I love being a therapist, therapy has changed my life and I see it change so many other peoples. However sometimes it can be pretty lonely, especially in private practice. Since the lockdown I’ve noticed many people including myself become more isolated. I’m here cheering people on, to put themselves out there and make connections, yet I am sat comfortably in my house. It would be good to practice what I preach right?
With that in mind, as 2023 started I decided this was a year to push myself, I’m comfortable being an introvert (and I love it) but in appreciating independence I’d lost some interdependence, just like many of the people I work with. After years of wanting to visit Vienna, the birthplace of psychotherapy I decided to go for it! And to do it by myself too, this is that journey.
I remember booking this trip quite spontaneously, I really let my Id out to play, I knew it would be good for me and if I was to book it, the less I thought about it the better. However, as time got closer to the date, I kept leaning towards cancelling it. It was too decadent, too privileged, too selfish. I took these thoughts to my therapist, he could have delved deeper into it, but he didn’t need to, he simply asked, "don’t you think you deserve this, Tom?" and that was enough said.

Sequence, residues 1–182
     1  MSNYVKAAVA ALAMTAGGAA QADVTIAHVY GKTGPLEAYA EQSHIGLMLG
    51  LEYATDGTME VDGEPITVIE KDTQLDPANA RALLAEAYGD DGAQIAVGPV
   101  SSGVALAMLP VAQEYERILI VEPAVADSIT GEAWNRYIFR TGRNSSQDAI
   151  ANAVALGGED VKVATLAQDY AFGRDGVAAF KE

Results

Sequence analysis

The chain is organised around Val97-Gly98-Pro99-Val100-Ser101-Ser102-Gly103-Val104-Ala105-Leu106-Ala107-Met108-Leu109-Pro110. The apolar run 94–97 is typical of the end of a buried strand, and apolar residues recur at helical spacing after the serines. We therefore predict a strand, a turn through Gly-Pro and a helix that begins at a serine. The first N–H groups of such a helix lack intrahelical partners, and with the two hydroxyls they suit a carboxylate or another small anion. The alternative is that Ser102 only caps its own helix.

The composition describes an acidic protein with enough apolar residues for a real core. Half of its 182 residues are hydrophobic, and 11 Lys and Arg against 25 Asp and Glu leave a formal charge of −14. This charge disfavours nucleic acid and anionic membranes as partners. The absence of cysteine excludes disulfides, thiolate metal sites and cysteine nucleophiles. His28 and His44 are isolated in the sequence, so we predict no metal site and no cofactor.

The day came for my flight and the old anxieties and nerves that once plagued my younger self jumped right back up. But I knew the anxiety needed to be leant into, not moved away from. My idea was to share things on social media along the way, it felt as if I had some friends in my pocket helping to cheer me along (because they were).
I arrived to Vienna in the late evening and my inner child wanted to stay in the apartment by myself. "I can’t go out by myself", he said. But again, I knew what I needed to do, I took my book and went to a local restaurant. I had been planning on practicing some of my German however when I entered the restaurant the waiter was gorgeous and I immediately became a stuttering English tourist, however I was kind to myself "it’s your first night Tom, pace yourself". I have eaten in restaurants alone before, but this was my first time eating abroad alone, it was weird, but the thing is, most humans are pretty friendly and people treated me well, there was no need to worry.
The Saturday morning came, and I did some online work before taking a huge leap out of my comfort zone. It was time to meet up with some Vienna based therapists, Simone and Nicole, (who turned out to be pretty cool Psychoanalysts). They turned up and we soon got chatting, sure there were some awkward silences but nothing unusual post COVID. We shared stories over coffee and cheesecake then Simone and I headed to the Victor Frankl Museum. I had discovered Frankl and his Logo Therapy only a year ago, but I have really fallen for his approach. Frankl posed three ways to discover meaning in life; 1. By creating a work or doing a deed; 2. By experiencing something or encountering someone; and 3. By the attitude we take toward unavoidable suffering. It has not been lost on me that this trip itself was helping me experiencing these three different ways of discovering meaning.